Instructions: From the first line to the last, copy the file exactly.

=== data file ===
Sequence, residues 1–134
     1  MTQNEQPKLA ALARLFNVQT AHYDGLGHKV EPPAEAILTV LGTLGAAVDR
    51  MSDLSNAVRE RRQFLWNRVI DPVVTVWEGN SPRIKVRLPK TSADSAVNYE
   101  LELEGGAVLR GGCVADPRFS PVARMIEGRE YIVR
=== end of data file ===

Sequence, residues 1–134
     1  MTQNEQPKLA ALARLFNVQT AHYDGLGHKV EPPAEAILTV LGTLGAAVDR
    51  MSDLSNAVRE RRQFLWNRVI DPVVTVWEGN SPRIKVRLPK TSADSAVNYE
   101  LELEGGAVLR GGCVADPRFS PVARMIEGRE YIVR